In interviews I’ve conducted, public housing tenants have stated that when they moved from ‘public housing’ managed by the state to ‘social housing’ managed by non-government organisations, that the NSW Ombudsman no longer had political oversight of the ‘non-government’ housing sector. Therefore, the political reconfiguration of our cities is at the very heart of the processes that will reshape citizens’ rights. Tenants can no longer use their constitutional rights to monitor the power of a state as their landlord.
So how should we think about community participation and citizen rights?
Interests verse consensus. What are we aiming for here?
Monitory democracy, or monitory citizenship where tenants monitor power instead of trying to share decision-making power, and activism are long-standing and tried and tested as effective tenant participation models in a representative democracy. They are perhaps the best ‘best practice’ models we have. They accept that inherent political differences are a reality and operate across and through different political organisations and community groups.
More importantly, monitory and pressure group models also accept that we have deferred our responsibility to elected representatives, who have in turn, deferred their decision-making power to technocrats, or experts such as urban and social planners, architects, and policy makers. So when tenants ask for, or are told that, decision-making power is being given back to them at the local level, are we saying that we are removing this decision-making power from the housing managers, urban and social planners, architects, and policy makers, or the elected representatives themselves? And if so, how, to what degree and by what political mechanisms will this transfer, back to the local, taking place?
In a representative democracy where experts make decisions that will affect tenants lives in very real and significant ways, including moving them out of their homes and changing the terms by which their tenancies are secured, we need to ask if its possible to give tenants the same decision-making power as other experts; such as urban and social planners etcetera. This, to me at least, seems unlikely so it might be important to maintain monitory and pressure group models of participation that will allow tenants to pressure governments for change. This would require no strings attached to funding for independent tenant groups who can advocate through media and other political campaigns at the local, state and federal levels.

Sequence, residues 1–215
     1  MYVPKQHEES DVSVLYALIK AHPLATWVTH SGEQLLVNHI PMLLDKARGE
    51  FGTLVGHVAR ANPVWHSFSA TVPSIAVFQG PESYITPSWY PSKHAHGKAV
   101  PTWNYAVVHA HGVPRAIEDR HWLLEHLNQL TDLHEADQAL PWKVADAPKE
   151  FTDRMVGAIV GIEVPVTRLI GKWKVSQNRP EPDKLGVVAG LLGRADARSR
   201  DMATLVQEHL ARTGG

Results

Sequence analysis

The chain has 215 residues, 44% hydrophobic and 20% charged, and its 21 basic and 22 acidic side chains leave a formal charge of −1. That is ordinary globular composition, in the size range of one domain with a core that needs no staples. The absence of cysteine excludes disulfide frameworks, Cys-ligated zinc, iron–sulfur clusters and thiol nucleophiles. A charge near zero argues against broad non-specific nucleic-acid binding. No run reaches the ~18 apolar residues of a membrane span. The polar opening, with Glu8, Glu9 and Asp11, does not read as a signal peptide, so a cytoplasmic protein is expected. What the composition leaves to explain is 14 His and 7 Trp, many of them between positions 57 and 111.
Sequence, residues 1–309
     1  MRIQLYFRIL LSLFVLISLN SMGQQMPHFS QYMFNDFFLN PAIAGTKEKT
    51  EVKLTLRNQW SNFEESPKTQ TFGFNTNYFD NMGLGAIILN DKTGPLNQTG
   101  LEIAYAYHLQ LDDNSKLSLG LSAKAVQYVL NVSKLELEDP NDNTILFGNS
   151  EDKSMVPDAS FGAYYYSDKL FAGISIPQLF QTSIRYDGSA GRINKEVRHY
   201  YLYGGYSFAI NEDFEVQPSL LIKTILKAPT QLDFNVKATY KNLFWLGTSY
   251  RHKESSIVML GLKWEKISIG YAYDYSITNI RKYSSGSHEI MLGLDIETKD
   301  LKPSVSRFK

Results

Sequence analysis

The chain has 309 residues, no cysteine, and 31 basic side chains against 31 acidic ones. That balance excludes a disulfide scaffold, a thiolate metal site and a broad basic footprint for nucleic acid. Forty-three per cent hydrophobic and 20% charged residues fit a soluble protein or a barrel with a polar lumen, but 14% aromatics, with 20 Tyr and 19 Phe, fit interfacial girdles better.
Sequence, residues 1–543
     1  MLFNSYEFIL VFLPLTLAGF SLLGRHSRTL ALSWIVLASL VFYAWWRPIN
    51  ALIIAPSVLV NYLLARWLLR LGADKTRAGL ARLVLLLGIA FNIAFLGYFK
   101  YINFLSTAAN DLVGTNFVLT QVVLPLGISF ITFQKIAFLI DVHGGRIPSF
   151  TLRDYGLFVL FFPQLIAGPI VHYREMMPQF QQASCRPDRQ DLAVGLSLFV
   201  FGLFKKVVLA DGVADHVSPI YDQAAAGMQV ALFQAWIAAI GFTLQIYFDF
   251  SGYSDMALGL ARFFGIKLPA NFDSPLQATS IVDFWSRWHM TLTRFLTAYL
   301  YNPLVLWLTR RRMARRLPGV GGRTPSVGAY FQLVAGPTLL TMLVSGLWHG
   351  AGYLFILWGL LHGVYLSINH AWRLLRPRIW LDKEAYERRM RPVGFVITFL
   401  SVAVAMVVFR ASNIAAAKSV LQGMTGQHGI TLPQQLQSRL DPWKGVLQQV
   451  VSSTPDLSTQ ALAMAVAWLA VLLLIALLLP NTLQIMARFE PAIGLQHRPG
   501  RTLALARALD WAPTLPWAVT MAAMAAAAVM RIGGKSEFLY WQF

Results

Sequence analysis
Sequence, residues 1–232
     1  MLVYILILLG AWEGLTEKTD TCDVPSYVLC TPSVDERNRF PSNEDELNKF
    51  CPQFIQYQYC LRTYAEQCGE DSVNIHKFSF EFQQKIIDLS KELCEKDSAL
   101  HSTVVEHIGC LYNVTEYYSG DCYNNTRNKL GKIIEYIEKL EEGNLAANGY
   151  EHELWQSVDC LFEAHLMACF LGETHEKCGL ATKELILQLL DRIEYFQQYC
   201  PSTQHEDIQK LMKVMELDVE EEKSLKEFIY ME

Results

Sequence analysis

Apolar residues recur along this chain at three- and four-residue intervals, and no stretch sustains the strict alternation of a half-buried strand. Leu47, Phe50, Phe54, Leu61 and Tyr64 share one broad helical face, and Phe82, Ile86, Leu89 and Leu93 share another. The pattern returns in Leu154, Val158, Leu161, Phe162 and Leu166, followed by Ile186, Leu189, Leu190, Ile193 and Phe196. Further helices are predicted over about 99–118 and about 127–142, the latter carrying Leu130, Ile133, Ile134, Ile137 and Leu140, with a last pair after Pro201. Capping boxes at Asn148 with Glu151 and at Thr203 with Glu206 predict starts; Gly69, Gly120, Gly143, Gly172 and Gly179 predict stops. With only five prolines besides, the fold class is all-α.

So why are independent citizen-sanctioned tenant groups needed?
It is well known that urban and housing policy reforms, such as housing subsidies, taxation exemptions, or welfare provisions, are not entirely driven by rational and objective assessments of the needs of those who live in Australian cities. Instead, these reforms are also an outcome of the politics and actions of citizen, government, industry, business, and non-government organisations. In short, and as Marg Barry astutely understood, housing provision and housing policy is primarily an issue of politics.
As shown in the previous examples, market-centric housing approaches are changing the way civil and political power is distributed in Australian cities. In particular, these market-centric approaches often serve to frame the debates about what is politically feasible and the actions that can be mounted to improve housing provision or address housing need. Low-income and disadvantaged citizens, and their representatives, need to be involved in these political debates; but how?
Well, if we look at the different types of rights that are being granted to different social actors within the current market-centric policy system, we see that not all citizens or groups have equal access to these civic participation tools. The playing field is uneven when it comes to community participation. Low-income tenants, for instance, cannot access shareholder rights because they don’t have a financial stake in the assets involved in the urban redevelopments.